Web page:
Directed By: Tadayoshi Yamamuro
Produced by: Norihiro Hayashida, Rioko Tomonaga
Writers: Akira Toriyama
Genre: Animation, Action, Comedy
Release Date: April 18, 2015 (Japan), August 4, 2015 (USA)
Version reviewed: English with no subtitles
Let me show you my further transformation!
Coming off from a great start from last year’s release of “Battle of Gods”, Dragon Ball Z: Resurrection ‘F’ does even better in theaters in Japan and overseas by bringing back one of the most iconic villains, Frieza, literally back from the dead. Akira Toriyama once again returns to write the storyline and designs of the new movie.
Frieza is shown in the movie in hell while his henchmen seek to revive him. Frieza was a huge villain in the TV series and was defeated by Goku, one of the main characters and a Saiyan (an alien race that enjoys fighting) in battle but survived against him. Then later was killed by Trunks, another Saiyan that was from the TV series that sliced Frieza into pieces and sent him to hell in the first place. With the remnants of Frieza’s army struggling to keep the empire afloat, Sorbet, a henchmen who has taken over the army in Frieza’s absense, goes to Earth with his minion Tagoma to revive Frieza from the dragon balls on earth.
They locate Pilaf and his gang, who were collecting the dragon balls, and bully them to summon Shenron, a dragon that comes from the dragon balls to grant wishes. Frieda’s henchmen were successful on bringing Frieza back to life. Based on the past events in the TV series, Frieza was still sliced into pieces and the henchmen collected the pieces and made haste back in space to regenerate him back to normal. Finding out how much stronger Goku, one of the main characters in the movie and TV series, who also defeated Frieza in battle, trains for months to grow into a new level to defeat his nemesis once and for all.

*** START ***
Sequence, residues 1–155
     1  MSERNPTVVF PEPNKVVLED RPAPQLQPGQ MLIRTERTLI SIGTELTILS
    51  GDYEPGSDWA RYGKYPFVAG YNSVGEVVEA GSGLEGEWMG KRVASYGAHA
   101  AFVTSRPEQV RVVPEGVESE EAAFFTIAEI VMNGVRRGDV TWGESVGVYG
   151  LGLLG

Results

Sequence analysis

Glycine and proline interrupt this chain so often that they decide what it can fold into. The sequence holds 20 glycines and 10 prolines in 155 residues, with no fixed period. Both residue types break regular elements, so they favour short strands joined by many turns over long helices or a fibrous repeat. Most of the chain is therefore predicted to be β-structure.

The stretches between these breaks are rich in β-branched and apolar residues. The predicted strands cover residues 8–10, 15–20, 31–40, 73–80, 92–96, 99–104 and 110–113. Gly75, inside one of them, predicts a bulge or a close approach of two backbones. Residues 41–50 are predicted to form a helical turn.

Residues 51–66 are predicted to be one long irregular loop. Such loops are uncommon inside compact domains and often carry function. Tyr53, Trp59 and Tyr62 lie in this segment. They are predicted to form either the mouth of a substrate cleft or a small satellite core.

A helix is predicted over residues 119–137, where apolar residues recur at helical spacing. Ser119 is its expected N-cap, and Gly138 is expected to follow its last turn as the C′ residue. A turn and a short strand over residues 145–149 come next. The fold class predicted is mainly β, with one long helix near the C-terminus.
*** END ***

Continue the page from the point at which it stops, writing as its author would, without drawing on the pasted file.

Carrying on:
After four months of training, Frieza and his 1,000 soldiers arrive on Earth and it’s up to the Dragon Ball Z heroes to fight against the resurrected villain and his army.
The story is pretty straightforward from here on out. Frieza is resurrected and seeks revenge. What’s interesting is that Frieza was aware of not only Beerus the Destroyer (God of Destruction who was introduced in last year’s movie, which you can read about it here) but also aware of Majin Buu, one of the last villains in the Dragon Ball Z TV series. The movie is mostly packed with humor and fighting, lots of it. The movie isn’t really trying to push a unique story but rather draw the fan-base on new transformations for both villains and heroes. This is your typical, fighting anime with handful of comic relief that made Dragon Ball Z popular in the first place and this time it doesn’t take over 30 episodes to end a battle.
If you are familiar with the original TV series and movies, then you know there are lots of returning characters except for three supporting characters. Sorbet (Frieza’s henchmen that took over the army in Frieza’s place), Tagoma (a minion who follows every command given by Sorbet) and Jaco (a galactic patrol who happens to know Bulma, another main character of the TV series and her family). Jaco is also a spin-off character Akira Toriyama has created in a separated comic series that’s considered a “prequel” to the original Dragon Ball series. He has a lot of pride on his duties as a galactic patrol but his presence in the movie adds a lot of comic relief and works really well!
Sorbet and Tagoma, the henchmen that were given a lot of screen time in the beginning began to cease to exist once Frieza was resurrected. I know the movie is based on Frieza and his revenge on Goku but having these characters up and gone from the screen is a bit disappointing.
Compared to the last year’s film, supporting characters like Krillin, Tien, Master Roshi, Piccolo and Gohan were given more screen time, especially fighting scenes. The film does a pretty well job focusing between the characters before the main fight. Once the fight with Frieza and Goku began, you saw less of them.